It is machine pieced, hand appliqued, free machine embroidered and quilted There is some fabric painting on the cotton fabrics. The wadding is Hobbs 80/20 cotton / polyester and I used Aurifil no. 50 cotton threads.
To The Brim
Just like my quilt for the '90s collection, this recent quilt was inspired by a painting. ‘To The Brim’ was greatly influenced by Paul Klee’s, ‘Ad Marginem’. His piece is a darkly mysterious work which features stylized birds, plant forms and a sun image but shows no respect for reality in the landscape they populate. His strange flowers and birds are concentrated at the edges of the canvas and are sometimes placed on their sides and sometimes upside down. This is perhaps more like a bed quilt where the design could be viewed from all sides rather than a conventional composition in a painting.
I have used cotton, linen, silk, tulle and chiffon with piecing, appliqué, painting and print. The quilt has been free machine quilted with a little hand stitched embellishment.
This small quilt was a delight to make.
The background is made up with various scraps of fabric, some turned to the wrong side to soften the colours. These were machine pieced together. Next, the doodles were drawn on to paper and traced on to Bondaweb. The shapes were pressed on to black fabrics, cut out and pressed in place on to the background fabric.
The doodles were then machined in place using the straight stitch on my machine. The quilting is worked using a variety of coloured Perle threads. I just stitched wherever I wanted to go and enjoyed the freedom of doing so.
The quilting process took a lot longer than I had imagined, approximately three months, and my fingers were very sore by the time the last stitch was sewn.
Once trimmed and bound, I stitched a sleeve to the back for hanging plus my label.
Compass Rose Quilt
One of a series of quilts which I call 'Patchwork Set in Stone'. LIke many quilters, I am interested in the link between floor designs and patchwork, but for me it's not just the shapes of the pieces - it's the narrow spaces between them that appeals. My collection of fabric from the now hard-to-find Stonehenge fabric was ideal for this Compass Rose design.
Hand blanket-stitch and hand quilting.
Laundry Labels – Ephemera
54 x 53cm
Found old damask table napkin, free-motion machine stitched colours and text, felt wadding.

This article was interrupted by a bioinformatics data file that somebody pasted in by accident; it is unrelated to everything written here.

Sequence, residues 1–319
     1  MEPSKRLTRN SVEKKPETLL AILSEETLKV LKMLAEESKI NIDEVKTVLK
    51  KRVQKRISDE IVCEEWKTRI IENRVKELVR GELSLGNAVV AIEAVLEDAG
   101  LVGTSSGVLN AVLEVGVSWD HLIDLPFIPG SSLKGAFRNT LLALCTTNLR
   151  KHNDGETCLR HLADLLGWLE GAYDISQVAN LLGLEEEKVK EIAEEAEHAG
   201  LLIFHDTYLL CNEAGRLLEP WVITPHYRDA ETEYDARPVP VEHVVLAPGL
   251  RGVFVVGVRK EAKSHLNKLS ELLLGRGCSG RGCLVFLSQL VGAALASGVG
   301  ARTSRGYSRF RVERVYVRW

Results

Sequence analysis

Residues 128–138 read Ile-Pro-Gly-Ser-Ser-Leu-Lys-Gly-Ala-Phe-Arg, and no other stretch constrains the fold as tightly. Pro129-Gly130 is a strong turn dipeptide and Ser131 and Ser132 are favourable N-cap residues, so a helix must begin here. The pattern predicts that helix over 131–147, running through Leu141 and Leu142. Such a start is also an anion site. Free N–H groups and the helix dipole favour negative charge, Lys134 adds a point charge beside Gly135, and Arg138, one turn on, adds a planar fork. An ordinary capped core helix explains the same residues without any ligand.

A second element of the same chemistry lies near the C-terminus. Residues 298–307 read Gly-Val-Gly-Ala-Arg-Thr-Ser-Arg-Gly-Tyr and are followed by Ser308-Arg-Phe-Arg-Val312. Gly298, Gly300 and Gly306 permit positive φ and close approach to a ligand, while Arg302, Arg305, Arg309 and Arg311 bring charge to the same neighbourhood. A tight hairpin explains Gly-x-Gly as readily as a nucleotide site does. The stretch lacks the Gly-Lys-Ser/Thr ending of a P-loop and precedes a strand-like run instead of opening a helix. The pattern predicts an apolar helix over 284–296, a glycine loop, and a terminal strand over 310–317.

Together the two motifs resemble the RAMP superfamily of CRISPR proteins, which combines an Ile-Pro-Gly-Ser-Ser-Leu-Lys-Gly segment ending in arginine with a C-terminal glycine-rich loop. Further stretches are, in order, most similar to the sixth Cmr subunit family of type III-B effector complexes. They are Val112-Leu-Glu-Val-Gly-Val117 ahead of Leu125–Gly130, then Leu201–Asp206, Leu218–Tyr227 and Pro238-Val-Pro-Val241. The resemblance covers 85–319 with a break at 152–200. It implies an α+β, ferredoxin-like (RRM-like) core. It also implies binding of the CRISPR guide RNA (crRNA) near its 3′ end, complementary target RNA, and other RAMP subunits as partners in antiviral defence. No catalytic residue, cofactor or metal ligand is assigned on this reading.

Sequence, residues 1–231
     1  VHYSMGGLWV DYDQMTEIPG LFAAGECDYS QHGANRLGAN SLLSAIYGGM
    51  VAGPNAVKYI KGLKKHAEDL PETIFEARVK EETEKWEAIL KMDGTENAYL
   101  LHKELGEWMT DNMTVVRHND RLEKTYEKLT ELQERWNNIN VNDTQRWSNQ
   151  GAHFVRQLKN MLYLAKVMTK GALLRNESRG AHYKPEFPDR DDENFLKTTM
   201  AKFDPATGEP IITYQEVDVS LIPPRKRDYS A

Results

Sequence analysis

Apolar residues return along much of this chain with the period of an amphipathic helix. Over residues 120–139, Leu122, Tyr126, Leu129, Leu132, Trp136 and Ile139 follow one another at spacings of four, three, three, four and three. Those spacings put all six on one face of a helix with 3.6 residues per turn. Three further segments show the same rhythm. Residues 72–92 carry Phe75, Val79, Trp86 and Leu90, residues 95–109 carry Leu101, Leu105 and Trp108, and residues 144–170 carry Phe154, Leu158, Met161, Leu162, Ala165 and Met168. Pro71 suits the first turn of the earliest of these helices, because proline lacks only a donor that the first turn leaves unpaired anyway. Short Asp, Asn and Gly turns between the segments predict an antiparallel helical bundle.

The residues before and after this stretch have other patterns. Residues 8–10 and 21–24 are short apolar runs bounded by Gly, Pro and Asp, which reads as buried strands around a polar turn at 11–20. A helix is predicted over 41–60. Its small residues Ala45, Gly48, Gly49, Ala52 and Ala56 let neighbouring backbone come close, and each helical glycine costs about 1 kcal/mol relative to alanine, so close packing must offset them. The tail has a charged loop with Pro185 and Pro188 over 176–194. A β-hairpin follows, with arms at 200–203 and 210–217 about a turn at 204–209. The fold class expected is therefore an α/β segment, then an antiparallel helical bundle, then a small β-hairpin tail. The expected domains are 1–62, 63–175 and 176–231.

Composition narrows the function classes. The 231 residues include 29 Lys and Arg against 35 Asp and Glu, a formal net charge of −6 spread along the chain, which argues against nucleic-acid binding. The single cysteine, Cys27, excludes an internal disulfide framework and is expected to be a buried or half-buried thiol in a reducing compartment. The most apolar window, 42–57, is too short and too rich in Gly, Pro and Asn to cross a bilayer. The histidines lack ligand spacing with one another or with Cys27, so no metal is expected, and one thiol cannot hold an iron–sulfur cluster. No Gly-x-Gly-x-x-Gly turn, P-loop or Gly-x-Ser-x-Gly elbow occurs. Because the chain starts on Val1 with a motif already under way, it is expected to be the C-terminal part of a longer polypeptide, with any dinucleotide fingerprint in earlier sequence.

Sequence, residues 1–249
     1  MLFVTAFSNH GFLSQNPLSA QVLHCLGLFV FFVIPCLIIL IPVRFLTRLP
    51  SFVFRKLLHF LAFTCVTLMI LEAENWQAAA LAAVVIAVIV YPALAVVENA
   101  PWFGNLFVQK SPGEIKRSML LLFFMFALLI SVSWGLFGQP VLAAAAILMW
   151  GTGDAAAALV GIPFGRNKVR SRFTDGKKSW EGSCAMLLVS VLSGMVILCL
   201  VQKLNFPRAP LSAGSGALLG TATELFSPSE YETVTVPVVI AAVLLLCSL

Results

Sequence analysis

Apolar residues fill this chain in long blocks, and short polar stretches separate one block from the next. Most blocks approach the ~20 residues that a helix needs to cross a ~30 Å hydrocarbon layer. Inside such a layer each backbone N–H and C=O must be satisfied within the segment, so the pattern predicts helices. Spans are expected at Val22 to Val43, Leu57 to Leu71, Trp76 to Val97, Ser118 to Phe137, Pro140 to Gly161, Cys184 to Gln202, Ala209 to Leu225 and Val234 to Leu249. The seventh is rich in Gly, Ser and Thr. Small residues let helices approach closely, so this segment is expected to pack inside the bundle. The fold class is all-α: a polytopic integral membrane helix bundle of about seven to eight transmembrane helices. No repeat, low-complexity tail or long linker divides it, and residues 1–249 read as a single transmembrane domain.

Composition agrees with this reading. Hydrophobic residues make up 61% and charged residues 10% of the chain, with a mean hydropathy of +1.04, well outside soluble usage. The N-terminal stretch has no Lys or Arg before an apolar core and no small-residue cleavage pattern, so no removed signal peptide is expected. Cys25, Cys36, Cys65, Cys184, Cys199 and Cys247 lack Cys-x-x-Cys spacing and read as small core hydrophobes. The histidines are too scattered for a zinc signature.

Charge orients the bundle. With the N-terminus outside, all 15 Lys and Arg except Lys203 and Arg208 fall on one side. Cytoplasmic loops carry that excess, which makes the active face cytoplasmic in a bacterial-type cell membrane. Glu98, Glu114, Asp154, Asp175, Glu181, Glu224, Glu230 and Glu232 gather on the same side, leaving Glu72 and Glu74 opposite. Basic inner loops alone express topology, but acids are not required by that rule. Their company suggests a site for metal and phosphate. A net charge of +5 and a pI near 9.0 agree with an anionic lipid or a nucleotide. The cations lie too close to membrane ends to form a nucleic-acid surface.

Inspired by the tiny fabric identification labels that laundries attached to items of washing in the 1950s and 1960s. Clean sheets and tablecloths would return with them still stuck on and they fascinated me as a child. They were roughly an inch long and half an inch wide, with numbers and letters printed on them and in pastel colours with white vertical stripes. I found examples still attached to some old table napkins at the Antiques Centre in Snape Maltings in Suffolk. I used one of the napkins (price £3.50) to make this piece and attached one of the original labels to the bottom right. The numbers are random but the letters spell out the following text which I wrote:
AMONG THE INSIGNIFICANT SCRAPS OF EPHEMERA NOW FORGOTTEN IN THE COMPUTER AGE ARE THE TINY FABRIC IDENIFICATION LABELS WHICH LAUNDRIES ATTACHED TO ITEMS OF WASHING – THESE HAD A DECORATIVE QUALITY IN THEIR OWN RIGHT – THEY WERE USED BETWEEN THE PERIOD OF EMBROIDERED MARKS AND THE COMPUTERISED TRACKING TECHNIQUES WHICH ARE IN OPERATION TODAY
At 6s and 7s
I have always enjoyed making traditional strippy quilts and I also love hand quilting.
We go to the Isle of Arran every year where it rains a lot and I need a small project to do in the car, in the rain or after a day's walking, parked on the beach watching the seals. This is 2015's project.
This is a re-working of an earlier pattern that I designed in 2001.The piece shows exactly what my quiltmaking is about these days:
A teaching sample, showing Foundation Piecing, the use of Batik fabrics, plus quilting and embroidery with metallic threads, using freehand as well as computerised stitches.
In effect, using the lovely things we did not have such easy access to in the 90's:
Batiks, threads, stitches, and the machine to cope with it all!
Sisters Selection Star
This wall hanging was made for the Quilt Fest Challenge of 2008 to use the Sisters Choice block. The block in its original form can be seen in the four corners of the border. The centre star is made up of the block distorted into a 45-degree diamond. Using only fabrics from my stash, it is machine pieced and quilted with hand quilting forming the radiating rays with interspersed beads.
Apart from enjoying the challenge, it also helped in my recovery from a stroke and heart attack. I was pleased that I could still use the sewing machine even though it did not always stop at the stop lights! The end result was what I had hoped for even if it took me MUCH longer than it would have before the health traumas!!